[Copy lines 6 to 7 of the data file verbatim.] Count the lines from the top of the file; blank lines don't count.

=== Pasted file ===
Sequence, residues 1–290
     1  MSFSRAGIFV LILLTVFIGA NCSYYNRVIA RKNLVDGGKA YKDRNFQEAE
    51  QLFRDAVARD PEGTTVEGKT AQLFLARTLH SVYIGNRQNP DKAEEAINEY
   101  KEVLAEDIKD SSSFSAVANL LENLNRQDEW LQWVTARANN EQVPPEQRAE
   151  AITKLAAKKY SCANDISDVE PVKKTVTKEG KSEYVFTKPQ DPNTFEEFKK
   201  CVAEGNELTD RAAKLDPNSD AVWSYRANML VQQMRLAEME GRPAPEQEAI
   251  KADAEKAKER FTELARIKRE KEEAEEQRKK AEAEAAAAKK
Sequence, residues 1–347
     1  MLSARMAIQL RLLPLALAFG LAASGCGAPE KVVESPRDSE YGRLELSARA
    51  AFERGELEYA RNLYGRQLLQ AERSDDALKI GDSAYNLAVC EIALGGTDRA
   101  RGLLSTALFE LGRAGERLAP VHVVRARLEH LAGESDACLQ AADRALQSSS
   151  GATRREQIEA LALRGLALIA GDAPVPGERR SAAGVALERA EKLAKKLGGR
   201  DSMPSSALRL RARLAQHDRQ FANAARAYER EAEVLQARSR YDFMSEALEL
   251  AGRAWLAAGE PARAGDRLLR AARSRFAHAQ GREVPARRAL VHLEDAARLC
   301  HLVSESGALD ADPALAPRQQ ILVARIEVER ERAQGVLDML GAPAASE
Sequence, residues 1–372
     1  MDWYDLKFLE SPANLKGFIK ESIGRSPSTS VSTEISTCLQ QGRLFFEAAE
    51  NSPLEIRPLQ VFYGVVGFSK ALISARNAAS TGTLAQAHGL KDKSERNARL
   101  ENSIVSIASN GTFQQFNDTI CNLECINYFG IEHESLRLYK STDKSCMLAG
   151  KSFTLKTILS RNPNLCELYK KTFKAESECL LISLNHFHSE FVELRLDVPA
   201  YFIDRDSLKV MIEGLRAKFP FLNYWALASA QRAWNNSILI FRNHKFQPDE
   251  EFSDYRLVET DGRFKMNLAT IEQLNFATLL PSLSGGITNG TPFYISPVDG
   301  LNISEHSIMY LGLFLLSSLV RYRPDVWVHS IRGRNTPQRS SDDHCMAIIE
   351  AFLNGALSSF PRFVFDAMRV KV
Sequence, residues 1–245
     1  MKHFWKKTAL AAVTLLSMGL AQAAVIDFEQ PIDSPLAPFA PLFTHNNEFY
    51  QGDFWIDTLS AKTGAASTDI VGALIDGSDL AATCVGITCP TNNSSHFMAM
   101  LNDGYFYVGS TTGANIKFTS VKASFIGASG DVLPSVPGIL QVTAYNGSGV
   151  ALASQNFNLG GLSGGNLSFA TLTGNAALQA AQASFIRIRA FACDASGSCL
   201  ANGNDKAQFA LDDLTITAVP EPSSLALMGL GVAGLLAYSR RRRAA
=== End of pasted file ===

   201  CVAEGNELTD RAAKLDPNSD AVWSYRANML VQQMRLAEME GRPAPEQEAI
   251  KADAEKAKER FTELARIKRE KEEAEEQRKK AEAEAAAAKK